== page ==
Tenancy at one of the big commercial sets may eventually earn you more money than God, but there’s one thing the Blackstones and Brick Courts of this world can’t buy. That’s the kind of public profile offered by Doughty Street, one of the few barristers’ chambers with name recognition outside the world of law. Partly this is to do with the media-friendly nature of its work — human rights, public law, crime and other actions pitting individuals against the state — as well as the independently high profile of many individual tenants, from fashion-forward founder Geoffrey Robertson QC to Instagram’s most-followed lawyer Tunde Okewale. But few would deny that it’s tabloid favourite Amal Clooney who brings that extra pinch of celebrity stardust.
Keir Starmer, the Director of Public Prosecutions turned politician, maintains a door tenancy here — he’s, ahem, not the only member who’s become close to Labour — as does Liberty’s Martha Spurrier. Other big names include joint head of chambers Edward Fitzgerald QC, whose past clients include Lauri Love, Abu Hamza and Silvio Berlusconi; and lifetime human rights campaigner Helena Kennedy QC. Toiling alongside the celeb lawyers and 34 QCs are over 100 juniors tackling issues across the public law spectrum, from prisoners’ rights and police actions to housing and mental health.
Candidates looking to join this set are sifted for intellectual ability and “dedication” (activist left-wing human rights lawyers should definitely apply) followed by two rounds of interviews. Successful pupils get three supervisors over the 12 months, which is further divided into a first six months shadowing, researching and preparing briefs and a second six on your feet. Two baby barristers a year get this opportunity.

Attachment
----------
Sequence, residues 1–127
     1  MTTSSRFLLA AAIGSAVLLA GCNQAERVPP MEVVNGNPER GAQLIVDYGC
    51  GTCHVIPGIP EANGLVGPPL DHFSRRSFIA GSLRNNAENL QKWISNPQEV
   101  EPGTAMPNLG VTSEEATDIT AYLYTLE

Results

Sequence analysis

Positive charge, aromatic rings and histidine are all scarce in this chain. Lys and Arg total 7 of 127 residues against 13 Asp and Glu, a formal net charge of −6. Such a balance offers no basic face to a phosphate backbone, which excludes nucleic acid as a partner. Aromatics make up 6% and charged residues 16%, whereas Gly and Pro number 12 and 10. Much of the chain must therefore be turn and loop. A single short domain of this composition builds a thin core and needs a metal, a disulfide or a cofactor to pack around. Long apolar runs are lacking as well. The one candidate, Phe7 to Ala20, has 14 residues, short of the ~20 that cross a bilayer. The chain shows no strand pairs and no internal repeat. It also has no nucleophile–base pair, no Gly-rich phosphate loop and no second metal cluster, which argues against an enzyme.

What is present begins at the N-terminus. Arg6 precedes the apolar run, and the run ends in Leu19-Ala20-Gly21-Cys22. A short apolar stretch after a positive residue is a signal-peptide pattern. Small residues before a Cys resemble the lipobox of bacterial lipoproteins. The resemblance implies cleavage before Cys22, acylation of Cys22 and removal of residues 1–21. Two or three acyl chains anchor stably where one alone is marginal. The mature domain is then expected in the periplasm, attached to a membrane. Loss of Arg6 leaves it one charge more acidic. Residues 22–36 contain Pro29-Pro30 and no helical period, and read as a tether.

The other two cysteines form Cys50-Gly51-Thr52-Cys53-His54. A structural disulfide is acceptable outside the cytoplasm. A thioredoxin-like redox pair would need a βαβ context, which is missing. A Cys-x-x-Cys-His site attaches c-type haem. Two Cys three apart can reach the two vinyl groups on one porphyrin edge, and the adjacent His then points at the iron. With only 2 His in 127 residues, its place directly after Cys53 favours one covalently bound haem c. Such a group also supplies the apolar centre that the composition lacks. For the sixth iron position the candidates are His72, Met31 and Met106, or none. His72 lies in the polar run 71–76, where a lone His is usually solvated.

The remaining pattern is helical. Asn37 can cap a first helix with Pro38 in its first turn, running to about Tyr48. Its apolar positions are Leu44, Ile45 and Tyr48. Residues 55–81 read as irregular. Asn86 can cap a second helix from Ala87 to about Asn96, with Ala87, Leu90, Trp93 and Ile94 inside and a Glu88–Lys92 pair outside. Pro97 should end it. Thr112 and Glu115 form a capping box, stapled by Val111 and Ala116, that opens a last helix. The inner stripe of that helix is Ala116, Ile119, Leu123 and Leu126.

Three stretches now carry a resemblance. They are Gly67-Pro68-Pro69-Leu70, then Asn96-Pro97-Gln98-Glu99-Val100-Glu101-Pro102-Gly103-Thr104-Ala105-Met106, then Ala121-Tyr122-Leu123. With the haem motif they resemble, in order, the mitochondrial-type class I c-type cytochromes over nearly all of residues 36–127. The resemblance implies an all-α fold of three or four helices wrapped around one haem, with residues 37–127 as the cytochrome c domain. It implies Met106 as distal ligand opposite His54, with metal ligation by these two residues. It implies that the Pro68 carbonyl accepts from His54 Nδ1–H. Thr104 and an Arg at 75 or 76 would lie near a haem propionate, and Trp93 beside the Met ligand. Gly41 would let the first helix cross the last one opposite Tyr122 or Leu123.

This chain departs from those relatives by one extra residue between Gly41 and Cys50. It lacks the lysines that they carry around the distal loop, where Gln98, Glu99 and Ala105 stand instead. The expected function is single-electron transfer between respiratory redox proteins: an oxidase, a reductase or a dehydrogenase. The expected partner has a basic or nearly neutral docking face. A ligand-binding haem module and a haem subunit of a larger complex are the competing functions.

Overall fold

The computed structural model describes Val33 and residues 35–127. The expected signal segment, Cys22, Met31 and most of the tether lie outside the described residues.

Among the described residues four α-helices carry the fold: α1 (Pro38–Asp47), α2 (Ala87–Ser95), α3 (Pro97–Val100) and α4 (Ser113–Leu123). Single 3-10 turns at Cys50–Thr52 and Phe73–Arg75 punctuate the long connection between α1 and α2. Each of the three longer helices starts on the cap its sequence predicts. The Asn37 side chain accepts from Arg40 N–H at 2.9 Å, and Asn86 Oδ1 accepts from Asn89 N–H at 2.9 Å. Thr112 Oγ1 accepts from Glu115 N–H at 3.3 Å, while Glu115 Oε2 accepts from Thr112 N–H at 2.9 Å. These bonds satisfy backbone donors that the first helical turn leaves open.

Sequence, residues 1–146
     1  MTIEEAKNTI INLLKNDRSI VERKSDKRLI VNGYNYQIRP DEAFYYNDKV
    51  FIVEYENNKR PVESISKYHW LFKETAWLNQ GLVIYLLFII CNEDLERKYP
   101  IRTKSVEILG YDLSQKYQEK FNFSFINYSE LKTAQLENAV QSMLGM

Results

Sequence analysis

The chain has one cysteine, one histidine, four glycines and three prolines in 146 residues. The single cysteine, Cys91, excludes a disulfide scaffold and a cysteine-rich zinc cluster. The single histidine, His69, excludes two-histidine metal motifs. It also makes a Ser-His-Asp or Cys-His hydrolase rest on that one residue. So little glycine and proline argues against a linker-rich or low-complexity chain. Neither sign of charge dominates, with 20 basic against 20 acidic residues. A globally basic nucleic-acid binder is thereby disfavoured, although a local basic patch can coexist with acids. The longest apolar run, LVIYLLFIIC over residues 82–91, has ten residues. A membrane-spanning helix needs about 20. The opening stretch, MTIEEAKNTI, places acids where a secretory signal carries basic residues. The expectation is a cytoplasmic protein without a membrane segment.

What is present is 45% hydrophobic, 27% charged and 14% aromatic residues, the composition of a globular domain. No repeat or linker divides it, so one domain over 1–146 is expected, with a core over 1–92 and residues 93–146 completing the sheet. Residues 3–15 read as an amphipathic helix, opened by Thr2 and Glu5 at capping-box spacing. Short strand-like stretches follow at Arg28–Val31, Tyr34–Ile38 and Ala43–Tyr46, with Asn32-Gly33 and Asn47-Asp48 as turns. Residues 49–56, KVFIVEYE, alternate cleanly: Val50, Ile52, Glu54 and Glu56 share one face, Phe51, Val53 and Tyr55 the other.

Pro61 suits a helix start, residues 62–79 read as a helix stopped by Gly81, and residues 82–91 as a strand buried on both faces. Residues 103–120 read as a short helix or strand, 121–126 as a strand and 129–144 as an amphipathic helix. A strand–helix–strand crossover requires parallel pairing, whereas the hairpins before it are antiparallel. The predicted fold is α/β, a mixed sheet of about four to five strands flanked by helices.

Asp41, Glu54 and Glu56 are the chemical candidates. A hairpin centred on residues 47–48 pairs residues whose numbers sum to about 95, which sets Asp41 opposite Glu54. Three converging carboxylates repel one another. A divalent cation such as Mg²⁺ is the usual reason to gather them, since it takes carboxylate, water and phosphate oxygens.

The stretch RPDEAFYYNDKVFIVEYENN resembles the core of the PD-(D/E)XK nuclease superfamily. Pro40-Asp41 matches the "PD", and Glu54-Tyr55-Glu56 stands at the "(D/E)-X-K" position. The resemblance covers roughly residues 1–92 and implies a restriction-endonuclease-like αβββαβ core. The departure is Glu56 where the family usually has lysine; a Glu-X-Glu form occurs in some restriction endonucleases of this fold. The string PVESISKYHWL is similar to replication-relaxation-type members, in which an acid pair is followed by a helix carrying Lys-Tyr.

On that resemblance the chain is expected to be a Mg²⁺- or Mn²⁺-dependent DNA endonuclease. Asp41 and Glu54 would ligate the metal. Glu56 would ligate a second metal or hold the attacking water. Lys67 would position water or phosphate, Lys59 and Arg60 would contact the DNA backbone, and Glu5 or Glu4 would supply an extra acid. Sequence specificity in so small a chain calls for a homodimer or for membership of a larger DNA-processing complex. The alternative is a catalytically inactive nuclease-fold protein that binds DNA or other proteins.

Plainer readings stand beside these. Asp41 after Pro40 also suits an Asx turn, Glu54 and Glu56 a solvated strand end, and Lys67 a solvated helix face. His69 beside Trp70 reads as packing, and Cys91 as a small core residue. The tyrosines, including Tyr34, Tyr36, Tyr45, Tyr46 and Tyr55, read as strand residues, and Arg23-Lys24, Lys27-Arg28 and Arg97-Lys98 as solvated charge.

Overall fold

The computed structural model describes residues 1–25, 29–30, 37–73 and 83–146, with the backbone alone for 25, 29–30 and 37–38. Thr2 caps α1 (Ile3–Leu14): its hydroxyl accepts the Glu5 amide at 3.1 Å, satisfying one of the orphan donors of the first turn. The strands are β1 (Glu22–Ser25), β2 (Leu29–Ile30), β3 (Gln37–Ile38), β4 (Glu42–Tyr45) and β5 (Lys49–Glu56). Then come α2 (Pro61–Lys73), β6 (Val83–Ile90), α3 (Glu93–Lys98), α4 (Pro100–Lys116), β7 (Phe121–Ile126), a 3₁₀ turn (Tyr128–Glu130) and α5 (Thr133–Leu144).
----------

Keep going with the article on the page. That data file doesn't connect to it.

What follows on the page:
As you’d expect, the chambers makes a decent fist of diversity: only rival human rights powerhouse Matrix has a better gender balance among juniors, and one third of Doughty Street QCs are female (this is good for the bar).
Doughty Street insiders say that the set “lethally prepares its juniors”, with weekly advocacy classes and frequent internal presentations, although we’re also told that “more training about the practicalities of what solicitors and clients want would be useful, instead of a pure focus on law and advocacy”. The work is “always challenging; never boring — and you get to feel like you’re making a real difference”. Despite the chambers’ sheer size — it has even opened branch offices in Manchester and Bristol — everyone seems to gel: “you genuinely can walk into any room in chambers to discuss something you’re stuck on without being judged or patronised”.
The social life here is so-so — it’s been described as “a thinking not a drinking set”. Another insider refers to its “scholarly, academically brooding” atmosphere, but facilities are modern. Builders were hard at work last time Legal Cheek popped by, with Doughty Street aiming to emulate the “professional working spaces sported by magic circle firms”.